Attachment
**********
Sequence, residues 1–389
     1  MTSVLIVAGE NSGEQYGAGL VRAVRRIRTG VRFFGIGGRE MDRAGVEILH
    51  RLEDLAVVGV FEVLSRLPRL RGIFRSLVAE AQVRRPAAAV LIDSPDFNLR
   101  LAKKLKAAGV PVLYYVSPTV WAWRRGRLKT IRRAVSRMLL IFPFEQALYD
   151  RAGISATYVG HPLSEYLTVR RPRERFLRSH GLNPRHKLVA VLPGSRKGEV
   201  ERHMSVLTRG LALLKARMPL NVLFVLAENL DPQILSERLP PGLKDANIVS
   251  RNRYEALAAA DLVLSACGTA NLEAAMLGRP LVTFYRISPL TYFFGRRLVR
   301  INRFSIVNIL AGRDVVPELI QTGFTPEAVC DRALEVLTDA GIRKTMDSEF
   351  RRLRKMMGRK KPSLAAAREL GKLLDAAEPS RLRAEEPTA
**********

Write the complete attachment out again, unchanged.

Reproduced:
Sequence, residues 1–389
     1  MTSVLIVAGE NSGEQYGAGL VRAVRRIRTG VRFFGIGGRE MDRAGVEILH
    51  RLEDLAVVGV FEVLSRLPRL RGIFRSLVAE AQVRRPAAAV LIDSPDFNLR
   101  LAKKLKAAGV PVLYYVSPTV WAWRRGRLKT IRRAVSRMLL IFPFEQALYD
   151  RAGISATYVG HPLSEYLTVR RPRERFLRSH GLNPRHKLVA VLPGSRKGEV
   201  ERHMSVLTRG LALLKARMPL NVLFVLAENL DPQILSERLP PGLKDANIVS
   251  RNRYEALAAA DLVLSACGTA NLEAAMLGRP LVTFYRISPL TYFFGRRLVR
   301  INRFSIVNIL AGRDVVPELI QTGFTPEAVC DRALEVLTDA GIRKTMDSEF
   351  RRLRKMMGRK KPSLAAAREL GKLLDAAEPS RLRAEEPTA